“There are often good reasons to try to settle a case when you don’t know what the courts are going to do,” Lomayesva said. “You may have a good idea or an educated guess, but sometimes, fundamentally, you don’t know. To reduce the risk of uncertainty, one could move towards regulation.
Despite reaching a variety of fund- and project-based settlements in New Mexico and Utah, the Navajo Nation is still forced to defend its water rights against appeals. In New Mexico, challenges to that settlement continued until the winter of last year, when the nation received a final order from the New Mexico Supreme Court. “We hope it won’t be too long before we can say that the business of the New Mexico settlement is finally over,” Brown-Yazzie said. The recently enacted Navajo Utah Water Rights Settlement Act is being finalized. The language of the deed and the settlement agreed upon by the parties must be confirmed together, after which the final language will be considered by the court. Brown-Yazzie said she knocked on wood that there would be no dispute over the settlement.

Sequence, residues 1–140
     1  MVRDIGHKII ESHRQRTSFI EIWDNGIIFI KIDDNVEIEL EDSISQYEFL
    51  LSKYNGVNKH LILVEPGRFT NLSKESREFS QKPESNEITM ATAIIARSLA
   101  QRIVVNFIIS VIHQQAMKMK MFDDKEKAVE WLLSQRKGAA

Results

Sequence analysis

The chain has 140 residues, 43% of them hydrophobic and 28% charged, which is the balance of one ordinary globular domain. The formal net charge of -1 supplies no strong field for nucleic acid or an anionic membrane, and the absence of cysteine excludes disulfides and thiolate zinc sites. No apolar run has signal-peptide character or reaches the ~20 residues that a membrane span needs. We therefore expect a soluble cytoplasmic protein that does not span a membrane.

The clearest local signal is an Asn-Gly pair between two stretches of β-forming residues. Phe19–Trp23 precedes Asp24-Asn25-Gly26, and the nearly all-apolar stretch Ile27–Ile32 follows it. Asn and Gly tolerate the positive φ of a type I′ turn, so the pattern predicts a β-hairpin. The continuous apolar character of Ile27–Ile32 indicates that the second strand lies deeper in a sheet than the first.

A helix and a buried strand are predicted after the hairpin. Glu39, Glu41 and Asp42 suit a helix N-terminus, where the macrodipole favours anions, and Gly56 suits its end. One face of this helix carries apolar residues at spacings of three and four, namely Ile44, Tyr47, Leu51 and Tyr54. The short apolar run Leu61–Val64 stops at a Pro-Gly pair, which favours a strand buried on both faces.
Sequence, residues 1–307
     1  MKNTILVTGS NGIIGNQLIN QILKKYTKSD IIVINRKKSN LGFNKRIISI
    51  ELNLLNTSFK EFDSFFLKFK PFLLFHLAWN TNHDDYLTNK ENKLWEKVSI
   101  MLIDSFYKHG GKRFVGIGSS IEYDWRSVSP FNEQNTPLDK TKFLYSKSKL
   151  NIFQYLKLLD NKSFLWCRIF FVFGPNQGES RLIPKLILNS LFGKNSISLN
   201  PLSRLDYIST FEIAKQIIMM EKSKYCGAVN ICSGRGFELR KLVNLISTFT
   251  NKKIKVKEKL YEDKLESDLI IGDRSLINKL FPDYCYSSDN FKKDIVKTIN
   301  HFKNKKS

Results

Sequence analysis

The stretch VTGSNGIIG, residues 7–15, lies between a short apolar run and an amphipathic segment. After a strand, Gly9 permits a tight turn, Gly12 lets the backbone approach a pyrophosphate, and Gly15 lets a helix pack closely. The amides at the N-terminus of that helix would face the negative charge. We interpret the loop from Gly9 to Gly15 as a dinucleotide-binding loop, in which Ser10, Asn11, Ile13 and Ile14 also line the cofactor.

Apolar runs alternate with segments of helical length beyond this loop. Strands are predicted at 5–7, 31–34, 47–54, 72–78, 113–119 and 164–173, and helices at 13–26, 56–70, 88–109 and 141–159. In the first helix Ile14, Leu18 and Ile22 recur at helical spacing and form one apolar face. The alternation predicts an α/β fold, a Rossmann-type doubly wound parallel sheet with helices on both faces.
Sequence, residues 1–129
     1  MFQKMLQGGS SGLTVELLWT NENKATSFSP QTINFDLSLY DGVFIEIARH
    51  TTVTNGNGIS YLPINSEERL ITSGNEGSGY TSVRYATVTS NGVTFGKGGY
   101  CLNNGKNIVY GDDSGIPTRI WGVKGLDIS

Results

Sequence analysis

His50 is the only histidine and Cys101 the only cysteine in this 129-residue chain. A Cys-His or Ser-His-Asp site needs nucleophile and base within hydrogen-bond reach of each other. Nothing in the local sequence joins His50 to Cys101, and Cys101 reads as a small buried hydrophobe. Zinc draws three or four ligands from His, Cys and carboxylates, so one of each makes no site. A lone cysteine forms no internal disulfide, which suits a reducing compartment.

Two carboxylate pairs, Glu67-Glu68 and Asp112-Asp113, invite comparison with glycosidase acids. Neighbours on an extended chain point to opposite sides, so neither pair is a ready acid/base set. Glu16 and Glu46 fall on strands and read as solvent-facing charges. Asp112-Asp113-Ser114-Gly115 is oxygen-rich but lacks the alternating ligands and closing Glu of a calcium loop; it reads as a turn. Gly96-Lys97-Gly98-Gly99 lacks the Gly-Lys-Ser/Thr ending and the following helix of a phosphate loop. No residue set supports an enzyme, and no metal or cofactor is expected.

As for Arizona, the Navajo Nation and Hopi Tribe have remained open to settlement talks, even engaging in meetings last April. But Brown-Yazzie and Lomayesva reiterated that while the drought and the pandemic have increased the pressure for everyone to reach an agreement as soon as possible, there are certain lines that will not be crossed.
“We think it’s important to try to continue to negotiate with the parties,” Brown-Yazzie said. “Of course the Navajo Nation will not agree to a settlement that we do not believe is fair and reasonable.”
Pauly Denetclaw is a citizen of the Navajo Nation and Manuelito, New Mexico. She is Haltsooí (Meadow People) born for Kinyaa’áanii (Towering House People). Denetclaw is currently an Indigenous affairs reporter for the Texas Observer. Follow @Pdineclah